AU WANTS MORE ORAL TRADITION IN AFRICAN CINEMA

Gambian filmmaker Ebou Waggeh has returned from Burkina Faso where heEbou Waggeh
was invited to attend a seminar organised by the African Union
Commission to look at ways of increasing the use of African oral
tradition in African cinema.The 3-day seminar held on the sidelines of the 24th FESPACO brought
together African historians, traditionalists, writers, achivists,
university professors, researchers and filmmakers and was coordinated
by the Center for Linguistic and Historical Studies through Oral
Tradition (CELHTO) in partnership with the West African Programme
(WAMP).
The seminar heard 15 presentations made by experts in respective
fields. Gambian Filmmaker Ebou Waggeh, the only English speaking
member of the team invited, made a guided audio visual presentation
showing his attempt at telling an African story through the words and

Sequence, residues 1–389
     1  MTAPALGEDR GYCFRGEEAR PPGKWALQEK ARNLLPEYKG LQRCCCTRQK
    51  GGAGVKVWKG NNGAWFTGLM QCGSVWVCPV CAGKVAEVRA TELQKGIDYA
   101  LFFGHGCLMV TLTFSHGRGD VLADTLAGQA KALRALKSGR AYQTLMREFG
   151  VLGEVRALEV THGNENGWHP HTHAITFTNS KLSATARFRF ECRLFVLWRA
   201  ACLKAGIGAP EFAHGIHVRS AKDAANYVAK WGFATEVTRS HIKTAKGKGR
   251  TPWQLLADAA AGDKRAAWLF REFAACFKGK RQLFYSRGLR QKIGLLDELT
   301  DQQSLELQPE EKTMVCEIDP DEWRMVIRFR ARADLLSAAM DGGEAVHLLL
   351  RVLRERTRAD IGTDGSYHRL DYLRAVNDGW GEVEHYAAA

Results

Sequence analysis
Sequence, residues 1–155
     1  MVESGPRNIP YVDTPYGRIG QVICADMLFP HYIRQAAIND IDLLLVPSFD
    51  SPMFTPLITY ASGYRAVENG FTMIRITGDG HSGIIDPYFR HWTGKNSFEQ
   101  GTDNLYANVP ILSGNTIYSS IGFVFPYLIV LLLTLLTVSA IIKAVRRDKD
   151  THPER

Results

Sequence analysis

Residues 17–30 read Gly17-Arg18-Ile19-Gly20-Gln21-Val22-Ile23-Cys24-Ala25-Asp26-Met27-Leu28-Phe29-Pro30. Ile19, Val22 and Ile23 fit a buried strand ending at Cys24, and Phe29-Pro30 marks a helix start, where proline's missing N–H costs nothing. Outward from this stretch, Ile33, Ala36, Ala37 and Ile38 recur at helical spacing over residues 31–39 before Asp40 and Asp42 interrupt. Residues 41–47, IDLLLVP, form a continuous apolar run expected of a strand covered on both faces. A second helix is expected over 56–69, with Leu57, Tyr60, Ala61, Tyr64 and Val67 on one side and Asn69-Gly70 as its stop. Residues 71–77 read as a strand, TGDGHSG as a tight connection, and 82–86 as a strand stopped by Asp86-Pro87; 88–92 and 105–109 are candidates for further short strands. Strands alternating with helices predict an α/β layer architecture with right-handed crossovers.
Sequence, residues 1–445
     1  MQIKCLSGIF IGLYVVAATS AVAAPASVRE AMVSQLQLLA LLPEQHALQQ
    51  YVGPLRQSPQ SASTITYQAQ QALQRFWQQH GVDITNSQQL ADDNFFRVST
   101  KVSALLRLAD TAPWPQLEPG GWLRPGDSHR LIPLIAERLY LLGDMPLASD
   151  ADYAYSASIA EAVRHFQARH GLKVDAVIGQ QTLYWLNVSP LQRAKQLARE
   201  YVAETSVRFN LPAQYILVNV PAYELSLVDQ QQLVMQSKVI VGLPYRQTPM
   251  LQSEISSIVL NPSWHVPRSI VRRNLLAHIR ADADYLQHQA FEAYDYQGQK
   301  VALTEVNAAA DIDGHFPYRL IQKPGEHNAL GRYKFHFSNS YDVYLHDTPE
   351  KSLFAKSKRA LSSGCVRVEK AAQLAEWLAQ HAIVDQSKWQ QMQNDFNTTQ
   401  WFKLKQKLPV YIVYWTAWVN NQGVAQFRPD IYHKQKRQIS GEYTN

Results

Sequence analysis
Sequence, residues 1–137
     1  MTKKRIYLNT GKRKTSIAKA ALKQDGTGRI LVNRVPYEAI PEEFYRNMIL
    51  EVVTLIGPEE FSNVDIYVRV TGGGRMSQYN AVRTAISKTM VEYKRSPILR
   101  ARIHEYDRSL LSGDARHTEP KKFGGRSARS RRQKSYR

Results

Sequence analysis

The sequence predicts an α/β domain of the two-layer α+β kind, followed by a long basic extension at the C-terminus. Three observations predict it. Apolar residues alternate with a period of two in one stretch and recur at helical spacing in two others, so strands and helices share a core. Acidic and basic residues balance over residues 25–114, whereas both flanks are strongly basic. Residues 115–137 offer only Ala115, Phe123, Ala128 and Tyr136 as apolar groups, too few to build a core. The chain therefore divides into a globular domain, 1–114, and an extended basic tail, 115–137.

songs of a Gambian griot. He projected footage from his yet to finish
video documentary in which he reenacts 12 living ethnic cultural
practices in The Gambia using the image, words and songs of a Gambian
griot.
Inspite of increasing number of African films released in the course
of the last twenty years, not many have used oral tradition in telling
their stories. The AU believes Africa must overcome the repetitious
nature of criticism which has addressed itself to African film in the
last 25 years and to make possible the definition of a dynamic
aesthetic view of the continent. The lack of enough African film
critics who know African traditions as well as the critical practice
of the ethnocentrism of European and American film critics has limited
them to evaluating African cinema through the prism of Western
language film. They refuse to look at African cinema “straight in the
eyes”. By bringing together a group of experts the AU hopes a way will
be found to bring about a change to that situation.
Africa is immensely rich in colorful culture and tradition captured in
the words and songs of its griots and that is what the AU is
encouraging African filmmakers to tap into and put on cinema.
This will not only help to educate the young people in Africa about
the continent’s diverse culture and traditions while providing
entertainment but will also preserve images and sounds of the dynamic
African culture, for posterity.
Source: WAX Media